Advice regarding dis/ability, mental health, and chronic illness through the Center for Integrated Studies

Central contact points independent from the University

Overview of Contact Points for psychological counselling, collected by Plattform Psyche, Link

Psychological help and support for students:  psych.ber(at)uni-graz.at; +43 316814748 or +43 664 88342173

Mentale Gesundheit - ÖH Uni Graz (oehunigraz.at)


Student Ombudsperson of the Austrian Federal Ministry of Education, Science and Research, Link
European Council of Doctoral Candidates and Junior Researchers Equality Working Group, Email
Help in case of conflicts at work by the Austrian Union for Public Service:  Konflikt- und Mobbingberatung, Email

Peer networks are useful for your own research, for professional development and for maintaining your own well-being during the doctoral phase (and beyond).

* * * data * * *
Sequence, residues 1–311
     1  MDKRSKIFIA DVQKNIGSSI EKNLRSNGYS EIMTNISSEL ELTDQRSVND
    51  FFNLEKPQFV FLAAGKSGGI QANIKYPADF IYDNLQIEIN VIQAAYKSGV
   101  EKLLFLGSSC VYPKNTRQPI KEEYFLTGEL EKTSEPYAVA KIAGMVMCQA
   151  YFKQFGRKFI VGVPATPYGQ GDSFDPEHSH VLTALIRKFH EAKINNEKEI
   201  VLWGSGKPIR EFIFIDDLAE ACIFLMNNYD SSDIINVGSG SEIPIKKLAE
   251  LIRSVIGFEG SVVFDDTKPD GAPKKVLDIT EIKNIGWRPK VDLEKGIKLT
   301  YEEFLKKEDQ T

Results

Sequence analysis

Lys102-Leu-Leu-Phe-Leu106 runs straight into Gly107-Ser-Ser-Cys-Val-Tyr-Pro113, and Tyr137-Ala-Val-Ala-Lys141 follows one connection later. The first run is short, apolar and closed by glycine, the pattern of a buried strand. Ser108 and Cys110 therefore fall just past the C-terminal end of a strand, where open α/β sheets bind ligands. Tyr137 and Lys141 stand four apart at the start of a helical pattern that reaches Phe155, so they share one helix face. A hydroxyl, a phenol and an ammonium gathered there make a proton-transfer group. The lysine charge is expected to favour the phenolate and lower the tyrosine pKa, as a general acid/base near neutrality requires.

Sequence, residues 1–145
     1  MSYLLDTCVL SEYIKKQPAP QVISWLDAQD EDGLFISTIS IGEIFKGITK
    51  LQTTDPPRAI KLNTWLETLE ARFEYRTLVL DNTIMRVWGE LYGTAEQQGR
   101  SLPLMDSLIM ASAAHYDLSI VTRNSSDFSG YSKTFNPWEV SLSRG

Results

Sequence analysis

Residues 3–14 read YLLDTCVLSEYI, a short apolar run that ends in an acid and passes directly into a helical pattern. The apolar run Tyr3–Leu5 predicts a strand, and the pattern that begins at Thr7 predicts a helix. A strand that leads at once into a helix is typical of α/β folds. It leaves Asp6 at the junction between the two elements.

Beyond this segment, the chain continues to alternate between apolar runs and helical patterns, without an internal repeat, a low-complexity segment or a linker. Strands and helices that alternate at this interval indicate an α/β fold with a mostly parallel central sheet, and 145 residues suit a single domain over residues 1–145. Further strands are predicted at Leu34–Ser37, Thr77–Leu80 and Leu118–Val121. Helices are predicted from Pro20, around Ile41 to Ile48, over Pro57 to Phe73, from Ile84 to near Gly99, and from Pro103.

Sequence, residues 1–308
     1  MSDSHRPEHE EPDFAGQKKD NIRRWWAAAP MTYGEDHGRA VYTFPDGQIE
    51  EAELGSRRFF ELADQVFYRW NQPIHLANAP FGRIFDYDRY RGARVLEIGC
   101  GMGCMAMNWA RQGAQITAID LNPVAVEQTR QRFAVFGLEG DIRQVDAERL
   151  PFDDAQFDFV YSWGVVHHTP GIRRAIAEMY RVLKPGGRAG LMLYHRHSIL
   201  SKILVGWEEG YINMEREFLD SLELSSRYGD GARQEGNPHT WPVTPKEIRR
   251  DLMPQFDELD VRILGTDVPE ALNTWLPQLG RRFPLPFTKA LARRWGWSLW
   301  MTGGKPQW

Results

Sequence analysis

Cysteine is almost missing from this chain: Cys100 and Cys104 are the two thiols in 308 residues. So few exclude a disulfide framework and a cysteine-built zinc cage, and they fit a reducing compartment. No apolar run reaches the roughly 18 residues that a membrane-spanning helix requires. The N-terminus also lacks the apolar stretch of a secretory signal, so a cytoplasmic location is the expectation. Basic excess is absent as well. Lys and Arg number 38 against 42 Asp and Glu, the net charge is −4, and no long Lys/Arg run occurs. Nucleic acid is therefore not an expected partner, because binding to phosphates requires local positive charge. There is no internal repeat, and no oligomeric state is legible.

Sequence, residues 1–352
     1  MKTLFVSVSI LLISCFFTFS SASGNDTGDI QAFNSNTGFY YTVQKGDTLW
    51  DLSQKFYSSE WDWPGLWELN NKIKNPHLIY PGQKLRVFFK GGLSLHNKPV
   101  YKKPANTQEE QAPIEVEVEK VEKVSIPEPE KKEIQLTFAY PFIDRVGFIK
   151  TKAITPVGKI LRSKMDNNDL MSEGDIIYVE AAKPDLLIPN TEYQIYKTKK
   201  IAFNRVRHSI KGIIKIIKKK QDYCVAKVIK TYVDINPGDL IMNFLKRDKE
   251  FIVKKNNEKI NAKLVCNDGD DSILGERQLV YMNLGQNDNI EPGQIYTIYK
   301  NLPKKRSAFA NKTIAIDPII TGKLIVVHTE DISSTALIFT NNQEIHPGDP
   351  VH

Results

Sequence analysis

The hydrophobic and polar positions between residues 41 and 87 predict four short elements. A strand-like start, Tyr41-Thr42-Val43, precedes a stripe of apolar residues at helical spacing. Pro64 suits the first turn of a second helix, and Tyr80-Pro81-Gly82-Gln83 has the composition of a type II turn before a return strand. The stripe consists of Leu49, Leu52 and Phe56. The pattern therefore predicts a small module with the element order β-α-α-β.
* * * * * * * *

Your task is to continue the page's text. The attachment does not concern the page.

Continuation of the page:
There are a number of independent, self-organized networks with different focuses around the University of Graz and across Austria, as well as some networks within the university. The list below contains networks/groups that may be of interest to doctoral researchers at the University of Graz. It is based on careful research - however, no guarantee can be given for the accuracy of the information.

Open Writing Group for Doctoral Candidates: Working on texts and motivating each other: Info
Feminist Mothering, Open discussion for everyone who is interested in feminist mother*hood and trying to practice it in all its diversity, Contact